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Agriculture (General)

Overview of general agricultural resources available to UNH faculty, staff and students

Why do I need to cite my sources?

Citing your sources is:

  • the smart thing to do: readers will consider your work more credible if they know where your information comes from.
  • the honest thing to do: it prevents plagiarism by giving credit to the original author of an idea.

Imagine research as a conversation -- scholars are trading ideas back and forth and building on the findings of earlier work. Citing your sources is an important part of contributing to this conversation -- it allows readers to understand how your work fits into the overall conversation.

Citing your sources in a standard style also helps readers tell at a glance what type of source you used (book vs. journal article, etc), and it helps readers find and reference the sources you used.

When should I cite a source?

To avoid plagiarism, cite sources when:

  • You directly quote a source
  • You paraphrase a source
  • You summarize someone else's ideas in your own words
  • You draw on facts, information, or data from someone else
  • You want to add supplemental information not included in your paper, such as footnotes or endnotes

Note: You do not need to cite generally accepted knowledge. For more information, see Not-So-Common Knowledge.

A general rule of thumb is: "When in doubt, cite it."

The text above is a direct quote from the Northern Arizona University e-Learning Center's Academic Integrity @ NAU tutorial. The e-Learning Center was paraphrasing Princeton University's guidelines.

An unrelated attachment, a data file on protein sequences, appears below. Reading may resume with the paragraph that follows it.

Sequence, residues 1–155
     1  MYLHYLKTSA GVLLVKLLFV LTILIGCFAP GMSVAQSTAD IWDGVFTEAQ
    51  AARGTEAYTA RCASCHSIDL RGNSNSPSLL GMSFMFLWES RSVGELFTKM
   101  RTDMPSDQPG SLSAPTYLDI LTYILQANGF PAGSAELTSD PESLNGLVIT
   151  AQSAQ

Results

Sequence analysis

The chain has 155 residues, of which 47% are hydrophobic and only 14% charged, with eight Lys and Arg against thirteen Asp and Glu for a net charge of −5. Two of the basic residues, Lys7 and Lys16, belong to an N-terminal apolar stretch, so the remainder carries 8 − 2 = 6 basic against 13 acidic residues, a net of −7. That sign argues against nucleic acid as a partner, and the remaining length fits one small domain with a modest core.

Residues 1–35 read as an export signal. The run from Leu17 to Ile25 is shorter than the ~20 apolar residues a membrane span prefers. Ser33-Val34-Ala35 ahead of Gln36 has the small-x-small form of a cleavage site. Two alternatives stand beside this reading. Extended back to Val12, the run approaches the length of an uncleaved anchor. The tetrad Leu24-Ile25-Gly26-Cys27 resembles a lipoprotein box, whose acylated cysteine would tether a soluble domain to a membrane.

At UNH, plagiarism is seen as a violation of academic honesty and can result in severe consequences. To learn more:

How do I cite a source?

To cite a source properly, you need to follow the rules of a particular citation style.

There are many styles, and reformatting citations can take a long time -- so ask your professor about what citation style to use before you start writing your paper.

Common Citation Styles:

Online Style Guides:

Quick tools for auto-formatting your citations:

Want to use a program that not only creates your bibliography automatically, but can also store and organize citations and PDFs?

  • Check out RefWorks -- UNH provides all students, faculty, and staff with free accounts.

Just need to format a few citations right now? Try these quick tools:

Whichever program you choose, remember to proofread the citations it generates for you!

Understand the generic format of a citation:

If you understand the general anatomy of a citation, it's easier to create your own citations -- plus, you can tell at a glance what kind of source was cited. Here's the anatomy of two sources formatted in the CSE (Council of Science Editors) style:

An article citation:

Dissected article citation

A book citation:

Dissected book citation.